Dr. Monohan would have been well advised to read a test report from the California State Water Resources Control Board (Rick Humphreys) that addressed the effects and methods of recovering mercury from a suction dredge. While Humphreys used an old style suction dredge, his test report collected 98% of the mercury that went through the system. A newer model suction dredge with a better recovery system and a flare to slow the water, could recover 98% or more of the mercury that goes through the system.

    Mr. Humphreys was able to entrap the dredged material that flowed over the end of the suction dredge sluice box. In doing so, he was able to determine that only 2% of the mercury was not recovered by the suction dredge. Humphreys determined that the 2% of the mercury that was not recovered by the suction dredge was very fine and floured and that the suction dredge was responsible for the flouring of the mercury.
    “NID had Canadian firm Pegasus Earth Sensing Corp. demonstrate the system last fall and managed to extract six grams of mercury per ton of sediment dredged from the bottom of the reservoir. NID routinely dredges the reservoir to extract silt and keep water capacity as high as possible for customers.”

    The fact that Pegasus Earth recovered six grams of mercury from one ton of sediment does not prove what the recovery percentage was. There was no way for Pegasus, NID or Dr. Monohan to assess how many grams of mercury were actually in the sample ton dredged. And they did not test for a loss of mercury from the centrifuge. Could there have been a 25% mercury loss?

    The question remains that even Humphreys caught the sediment coming out of the suction dredge and discovered that the dredge lost 2% of the mercury. This is only one question that should be answered before any grant money is awarded to NID or anyone else for mercury reclamation. (What is the one question?)

    Illegal

    Mercury is categorized as a locatable mineral, just like gold and silver. Consequently, recovery of mercury is a mining operation and not a reclamation project.

    If this mining operation is allowed to commence, it will be in violation of California SB670 – Anti Suction Dredge Mining Bill introduced by Senator Wiggens and approved and signed into law by Governor Schwarzenegger on and effective August 6, 2009. This law is in effect until the California Department of Fish and Game completes an Environmental Impact Report (EIR) and promulgates new suction dredge mining regulations. Completion is expected late summer of 2011.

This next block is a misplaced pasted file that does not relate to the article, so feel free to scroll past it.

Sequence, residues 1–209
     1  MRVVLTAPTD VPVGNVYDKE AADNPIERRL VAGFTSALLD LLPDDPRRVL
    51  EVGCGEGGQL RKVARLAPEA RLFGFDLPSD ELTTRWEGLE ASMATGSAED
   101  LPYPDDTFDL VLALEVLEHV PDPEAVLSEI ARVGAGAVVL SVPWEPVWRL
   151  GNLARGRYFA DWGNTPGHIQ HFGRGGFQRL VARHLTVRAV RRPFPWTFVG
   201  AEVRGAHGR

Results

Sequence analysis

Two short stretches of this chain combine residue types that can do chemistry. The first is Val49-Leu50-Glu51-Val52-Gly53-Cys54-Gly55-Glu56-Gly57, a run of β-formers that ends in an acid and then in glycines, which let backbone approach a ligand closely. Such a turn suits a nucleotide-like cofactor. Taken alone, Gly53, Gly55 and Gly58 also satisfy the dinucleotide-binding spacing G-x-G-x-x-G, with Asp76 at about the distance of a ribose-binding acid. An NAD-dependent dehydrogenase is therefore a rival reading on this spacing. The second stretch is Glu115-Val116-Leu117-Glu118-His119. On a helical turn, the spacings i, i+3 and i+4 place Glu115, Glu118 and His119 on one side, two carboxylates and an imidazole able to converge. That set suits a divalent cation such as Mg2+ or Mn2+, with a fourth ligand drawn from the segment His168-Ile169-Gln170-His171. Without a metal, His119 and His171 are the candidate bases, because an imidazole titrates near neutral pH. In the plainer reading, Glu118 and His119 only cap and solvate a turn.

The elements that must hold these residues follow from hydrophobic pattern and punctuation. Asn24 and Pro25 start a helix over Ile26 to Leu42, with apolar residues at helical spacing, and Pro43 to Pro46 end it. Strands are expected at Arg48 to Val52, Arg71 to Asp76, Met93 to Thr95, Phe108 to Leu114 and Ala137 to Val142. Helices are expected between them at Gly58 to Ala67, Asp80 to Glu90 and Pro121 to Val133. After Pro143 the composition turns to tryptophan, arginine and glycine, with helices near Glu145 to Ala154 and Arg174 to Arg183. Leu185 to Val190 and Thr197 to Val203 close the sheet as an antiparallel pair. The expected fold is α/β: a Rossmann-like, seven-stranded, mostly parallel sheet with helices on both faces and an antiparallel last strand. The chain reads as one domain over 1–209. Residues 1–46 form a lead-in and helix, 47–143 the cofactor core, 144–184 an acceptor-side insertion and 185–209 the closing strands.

SB670 prohibits any use of any vacuum or suction dredge equipment within 100’ of any river, stream or lake for instream mining purposes. Specifically, “This bill would designate the issuance of permits to operate vacuum or suction dredge equipment to be a project under CEQA, and would suspend the issuance of permits, and mining pursuant to a permit, until the department has completed an environmental impact report for the project as ordered by the court in a specified court action. The bill would prohibit the use of any vacuum or suction dredge equipment in any river, stream, or lake, for instream mining purposes, until the director of the department certifies to the Secretary of State that (1) the department has completed the environmental review of its existing vacuum or suction dredge equipment regulations as ordered by the court, (2) the department has transmitted for filing with the Secretary of State a certified copy of new regulations, as necessary, and (3) the new regulations are operative.”

    If find it hypocritical that the Sierra Fund and Dr. Carrie Monahan, among others who are strong supporters of SB670, believe suction dredging for gold and mercury by the mining community is deleterious to the environment but that their support of suction dredge mining to remove mercury by the NID is environmentally motivated out of human health concerns. Which is it? The Sierra Fund and other proponents of SB 670 are anti-reclamation orientated. The proof is in the fact that they have supported SB 670 under the guise of not allowing the suction dredge miners to suction dredge the rivers, streams and lakes of California to collect and reclaim the mercury that lays in the gravels and silts. What Hypocrisy!

    Conclusion

    PLP believes that the $7.8 million grant should be rejected as the project is misguided, inefficient and illegal.

    • A modern day suction dredge is more capable of recovering mercury from our waterways (98% per Humphrey’s study) than a centrifuge.
    • Research backing this funding proposal is questionable.
    • The withdrawal of mercury from California waterways is in violation of SB670.

    For the Senator’s convenience, PLP has attached documents referred to in this letter.

    Respectfully Submitted,



    Gerald Hobbs
    President of PLP

    cc: Mark Stopher, Ca. Dept of Fish and Game.
    State Senator, Sam Anastad
    Ray Nutting, Eldorado County Supervisor
    David Young, Esq.
    And others